June 20, 2013 08:00 PM EDT Cincinnati


John Dickinson, Letters from a Farmer in Pennsylvania, Published in the Boston Chronicle

Letters I-XII (complete) of John Dickinson's Letters From a Farmer in Pennsylvania, to the inhabitants of the British colonies, published in eight non-consecutive volumes and one supplement of The Boston Chronicle, December 21, 1767 to March 7, 1768, (vols. 1-3, 5, 7-9, supplement of Feb. 15, 1768, and vol. 12).  Stated volumes previously bound together but now missing the spine and covers. 8.75 x 10.5 in. First volume inscribed to Mr. Oliver Abbot.

Dickinson's Letters from a Farmer in Pennsylvania have been credited with uniting the American colonists in opposition to the Townshend Acts and advancing a popular logic for self-governance that helped lead to the American Revolution. 

The author, John Dickinson (1732-1808), was not so much a typical "farmer" as a wealthy plantation owner and lawyer.  Although his Letters earned him the nickname "The Penman of the Revolution," he was much more than that, serving as a delegate to the First and Second Continental Congress and as a militia officer in the Revolution.  He also drafted the Articles of Confederation, under which he served as President (Governor) of Delaware and Pennsylvania. In addition, Dickinson helped draft the U.S Constitution, which he rallied support for with another series of essays under the pen name Fabius, and wrote the majority of the Delaware Constitution of 1792.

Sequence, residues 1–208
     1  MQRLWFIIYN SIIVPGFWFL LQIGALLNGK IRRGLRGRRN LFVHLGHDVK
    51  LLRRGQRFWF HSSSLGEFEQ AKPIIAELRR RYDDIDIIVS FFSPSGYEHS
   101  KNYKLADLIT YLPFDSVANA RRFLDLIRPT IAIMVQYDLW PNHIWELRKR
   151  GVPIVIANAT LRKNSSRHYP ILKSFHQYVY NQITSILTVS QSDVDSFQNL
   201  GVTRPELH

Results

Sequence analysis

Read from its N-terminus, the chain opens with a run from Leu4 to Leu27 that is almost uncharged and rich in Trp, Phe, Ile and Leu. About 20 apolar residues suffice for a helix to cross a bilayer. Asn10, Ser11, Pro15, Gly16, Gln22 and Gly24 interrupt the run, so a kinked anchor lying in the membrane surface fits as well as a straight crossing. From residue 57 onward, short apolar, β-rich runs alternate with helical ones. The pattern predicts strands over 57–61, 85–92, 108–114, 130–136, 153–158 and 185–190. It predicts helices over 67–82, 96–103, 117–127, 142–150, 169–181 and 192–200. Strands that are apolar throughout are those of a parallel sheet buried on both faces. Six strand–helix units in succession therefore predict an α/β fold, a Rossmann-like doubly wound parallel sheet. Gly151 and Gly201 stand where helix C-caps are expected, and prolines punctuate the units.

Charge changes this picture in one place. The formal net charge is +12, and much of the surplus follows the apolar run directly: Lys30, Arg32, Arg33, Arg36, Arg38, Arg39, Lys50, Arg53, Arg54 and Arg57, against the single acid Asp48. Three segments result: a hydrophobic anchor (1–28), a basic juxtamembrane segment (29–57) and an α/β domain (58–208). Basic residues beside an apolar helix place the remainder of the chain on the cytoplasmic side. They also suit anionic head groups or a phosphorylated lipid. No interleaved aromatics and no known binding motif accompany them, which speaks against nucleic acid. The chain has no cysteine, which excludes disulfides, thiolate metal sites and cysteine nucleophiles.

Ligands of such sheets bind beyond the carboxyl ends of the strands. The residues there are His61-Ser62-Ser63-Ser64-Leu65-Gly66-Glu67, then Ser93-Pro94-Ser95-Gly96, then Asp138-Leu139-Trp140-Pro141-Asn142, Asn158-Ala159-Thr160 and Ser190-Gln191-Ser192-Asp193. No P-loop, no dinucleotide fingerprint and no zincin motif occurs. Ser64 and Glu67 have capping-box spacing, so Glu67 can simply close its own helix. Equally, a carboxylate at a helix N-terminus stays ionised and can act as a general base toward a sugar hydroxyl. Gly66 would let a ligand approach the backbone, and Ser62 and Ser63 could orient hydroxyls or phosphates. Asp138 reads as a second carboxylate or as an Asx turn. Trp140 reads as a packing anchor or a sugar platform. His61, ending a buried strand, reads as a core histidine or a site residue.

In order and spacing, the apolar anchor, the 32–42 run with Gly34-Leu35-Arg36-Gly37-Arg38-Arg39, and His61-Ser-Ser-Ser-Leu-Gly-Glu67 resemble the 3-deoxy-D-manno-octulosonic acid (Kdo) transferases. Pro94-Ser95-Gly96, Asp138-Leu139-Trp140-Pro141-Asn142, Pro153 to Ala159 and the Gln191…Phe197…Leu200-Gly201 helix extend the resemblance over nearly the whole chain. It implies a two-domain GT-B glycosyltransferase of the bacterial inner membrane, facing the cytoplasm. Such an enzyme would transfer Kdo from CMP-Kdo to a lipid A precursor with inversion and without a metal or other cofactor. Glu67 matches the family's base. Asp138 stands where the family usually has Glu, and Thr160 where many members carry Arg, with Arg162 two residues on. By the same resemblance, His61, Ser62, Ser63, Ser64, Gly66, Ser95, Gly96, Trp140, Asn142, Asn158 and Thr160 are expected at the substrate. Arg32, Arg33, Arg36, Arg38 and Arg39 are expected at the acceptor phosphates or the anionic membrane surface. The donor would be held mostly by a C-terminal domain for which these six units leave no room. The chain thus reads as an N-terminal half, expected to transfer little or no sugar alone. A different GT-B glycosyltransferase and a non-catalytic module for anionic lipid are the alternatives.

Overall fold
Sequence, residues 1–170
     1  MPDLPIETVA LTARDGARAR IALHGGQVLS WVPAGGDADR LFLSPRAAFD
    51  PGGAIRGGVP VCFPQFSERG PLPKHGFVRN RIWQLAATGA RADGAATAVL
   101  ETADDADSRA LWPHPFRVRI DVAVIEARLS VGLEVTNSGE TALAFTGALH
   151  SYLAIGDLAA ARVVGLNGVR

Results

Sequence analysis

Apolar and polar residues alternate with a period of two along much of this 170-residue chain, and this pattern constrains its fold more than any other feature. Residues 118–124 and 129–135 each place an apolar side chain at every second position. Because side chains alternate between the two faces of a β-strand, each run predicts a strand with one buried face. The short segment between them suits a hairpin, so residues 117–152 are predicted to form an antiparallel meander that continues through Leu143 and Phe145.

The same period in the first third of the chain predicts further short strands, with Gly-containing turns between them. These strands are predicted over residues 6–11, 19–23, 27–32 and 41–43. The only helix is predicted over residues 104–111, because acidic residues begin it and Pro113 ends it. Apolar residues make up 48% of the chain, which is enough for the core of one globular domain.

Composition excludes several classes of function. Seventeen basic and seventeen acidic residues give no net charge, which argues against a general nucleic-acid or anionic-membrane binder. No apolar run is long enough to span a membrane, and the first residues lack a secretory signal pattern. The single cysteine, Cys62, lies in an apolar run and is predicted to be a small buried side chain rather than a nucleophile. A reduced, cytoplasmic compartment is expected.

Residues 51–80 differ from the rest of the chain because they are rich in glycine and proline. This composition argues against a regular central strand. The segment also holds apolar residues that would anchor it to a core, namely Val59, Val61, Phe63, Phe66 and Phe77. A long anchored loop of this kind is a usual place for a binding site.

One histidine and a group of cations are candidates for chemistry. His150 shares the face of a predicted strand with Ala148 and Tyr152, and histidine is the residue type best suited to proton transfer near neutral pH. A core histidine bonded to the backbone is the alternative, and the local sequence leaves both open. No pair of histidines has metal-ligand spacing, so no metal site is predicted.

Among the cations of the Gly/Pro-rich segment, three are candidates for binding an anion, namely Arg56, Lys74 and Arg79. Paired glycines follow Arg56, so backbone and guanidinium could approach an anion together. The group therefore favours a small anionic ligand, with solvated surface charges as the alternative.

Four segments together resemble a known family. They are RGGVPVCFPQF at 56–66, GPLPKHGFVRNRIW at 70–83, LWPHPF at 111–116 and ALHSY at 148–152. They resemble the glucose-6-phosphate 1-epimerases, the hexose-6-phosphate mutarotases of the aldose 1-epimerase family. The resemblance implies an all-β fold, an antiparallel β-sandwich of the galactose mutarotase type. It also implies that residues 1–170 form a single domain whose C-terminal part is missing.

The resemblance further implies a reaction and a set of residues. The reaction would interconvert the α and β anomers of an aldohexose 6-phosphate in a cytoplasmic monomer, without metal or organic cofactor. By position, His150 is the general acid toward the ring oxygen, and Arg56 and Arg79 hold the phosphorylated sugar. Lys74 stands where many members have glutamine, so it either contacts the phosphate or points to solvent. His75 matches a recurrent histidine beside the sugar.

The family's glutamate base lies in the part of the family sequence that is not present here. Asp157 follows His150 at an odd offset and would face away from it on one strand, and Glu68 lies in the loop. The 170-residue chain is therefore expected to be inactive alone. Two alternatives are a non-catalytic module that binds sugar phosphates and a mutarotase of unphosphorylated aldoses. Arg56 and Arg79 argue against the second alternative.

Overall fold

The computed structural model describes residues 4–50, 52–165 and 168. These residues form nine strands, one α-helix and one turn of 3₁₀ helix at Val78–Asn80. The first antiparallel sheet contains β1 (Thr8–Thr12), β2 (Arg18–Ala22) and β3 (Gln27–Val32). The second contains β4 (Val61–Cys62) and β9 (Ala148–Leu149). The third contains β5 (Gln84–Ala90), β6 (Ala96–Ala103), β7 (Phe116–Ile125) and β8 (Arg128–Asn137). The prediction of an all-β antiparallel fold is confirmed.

Condition:All volumes previously bound together, now missing the spine and covers, and in four sections with remnants of binding glue.  Pages toned with some wear at edges and scattered minor stains.  All text clearly legible.

Estimate: $1,000 - $2,000
Price Realized Including Buyer's Premium


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